He glanced downwards and leaped swiftly back, for, creeping over the stones towards his fur outer boots, meandered a wide rivulet of bright scarlet blood. From its surface rose small curling feathers of steam which, drifting towards the tunnel's roof, merged with that gray, vaporous current flowing steadily towards the sunless Arctic expanse outside.

It took Nelson a long five minutes to sufficiently recover his equilibrium for action. All he could do was to stare at that grotesque, gargoyle-like creature as it writhed in leisurely and persistent death throes.

"Guess I winged it all right! My God, what a nasty beast! Looks like one of those allosaurs I read about in college. It couldn't be, though—that tribe of dinosaurs died out five million years ago."

Cautiously he scrambled around among the high black stones, casting the search light beams before him and holding the Winchester always ready in his hand while trying to recall snatches of palaeontology studied at college long years ago.

"Yes, it must be a survival of one of the carnivorous dinosaurs," he decided, then paused, increasingly conscious of that steady thudding noise. What caused it?

At last he found himself before the creature's gigantic and repulsive head which lay limp over a blood bathed stone, huge jaws partially open, and serrated rows of wicked, stiletto-sharp teeth gleaming yellowly in the flashlight's rays. The head in shape was bullet-like, ending in a blunt nose as big as a bushel basket and in two prominent nostrils. The green, lidless eyes were still open, shining faintly, and seemed to follow his movements, but the steaming blood poured with the force of a small hose from between triple row of bayonetlike teeth that curved inward like those of a shark, to splash and bubble freely to the rock floor and to dribble horribly over the warty, gray hide.

Then Nelson discovered an amazing fact. About the great scaly neck, thick as a boy's waist, was fastened a ponderous collar, set with short, sharp spikes.

Nelson gasped. "What in hell!" he cried. "This damn thing's somebody's property!" His mind, staggered at the thought of dealing with a race that could and would domesticate such a hideous monster. "Well, it's no use standing here," he muttered, wiping the sweat from his eyes. "This isn't getting poor Alden away from those devils."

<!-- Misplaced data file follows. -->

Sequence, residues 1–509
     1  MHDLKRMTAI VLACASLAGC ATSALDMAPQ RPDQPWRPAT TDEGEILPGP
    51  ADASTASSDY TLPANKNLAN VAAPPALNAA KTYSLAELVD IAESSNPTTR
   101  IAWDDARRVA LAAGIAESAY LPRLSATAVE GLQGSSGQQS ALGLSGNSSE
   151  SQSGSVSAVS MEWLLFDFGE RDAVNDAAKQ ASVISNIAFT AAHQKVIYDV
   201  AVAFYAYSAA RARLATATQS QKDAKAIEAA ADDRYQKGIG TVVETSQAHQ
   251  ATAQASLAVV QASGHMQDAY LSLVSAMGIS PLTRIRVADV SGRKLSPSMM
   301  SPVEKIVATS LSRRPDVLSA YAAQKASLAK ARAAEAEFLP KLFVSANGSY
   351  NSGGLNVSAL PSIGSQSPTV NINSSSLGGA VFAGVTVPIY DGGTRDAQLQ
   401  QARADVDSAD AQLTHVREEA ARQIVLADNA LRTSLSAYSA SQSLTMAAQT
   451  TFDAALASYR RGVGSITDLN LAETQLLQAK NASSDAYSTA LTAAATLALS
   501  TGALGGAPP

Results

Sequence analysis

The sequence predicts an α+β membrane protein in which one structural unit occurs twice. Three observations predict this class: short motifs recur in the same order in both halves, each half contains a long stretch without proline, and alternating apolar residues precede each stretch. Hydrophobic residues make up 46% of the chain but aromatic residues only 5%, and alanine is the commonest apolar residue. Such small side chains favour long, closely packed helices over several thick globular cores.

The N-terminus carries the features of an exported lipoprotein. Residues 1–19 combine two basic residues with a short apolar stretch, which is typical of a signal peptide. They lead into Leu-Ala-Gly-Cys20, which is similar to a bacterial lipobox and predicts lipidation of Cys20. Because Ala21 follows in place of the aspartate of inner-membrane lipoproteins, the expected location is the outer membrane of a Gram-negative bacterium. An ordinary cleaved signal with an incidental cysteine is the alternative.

Thud! thud! In the act of turning he paused, listened once more. Then he discovered to his amazement that the heart of the apparently dead reptile was still beating strongly. He could even see the yellow skin of its belly rise and fall. The effect was grotesque, uncanny.

"Of course," muttered the shaken aviator, "I'd forgotten a reptile's ganglions will keep on beating for hours, like that shark we killed off Paumotu. Its heart didn't stop for five hours."

Leaving the slain allosaurus behind, the aviator limped onwards, doggedly following a trail which wound down, ever onwards, into the depths of the earth. Gradually the air became so filled with steam that he stripped off his fur jumper and trousers. Clad in a khaki flannel shirt, serge trousers and shoepacks, he paused long enough to count his cartridges, and found there were just fourteen. Hell! Not very many with which to venture into an unknown abyss. He distributed them in his pockets, and, somewhat relieved of the weight of the fur suit, took up his advance, playing the flashlight ahead of him as he went.

"Poor Alden," he thought. "I wonder if he's still alive?"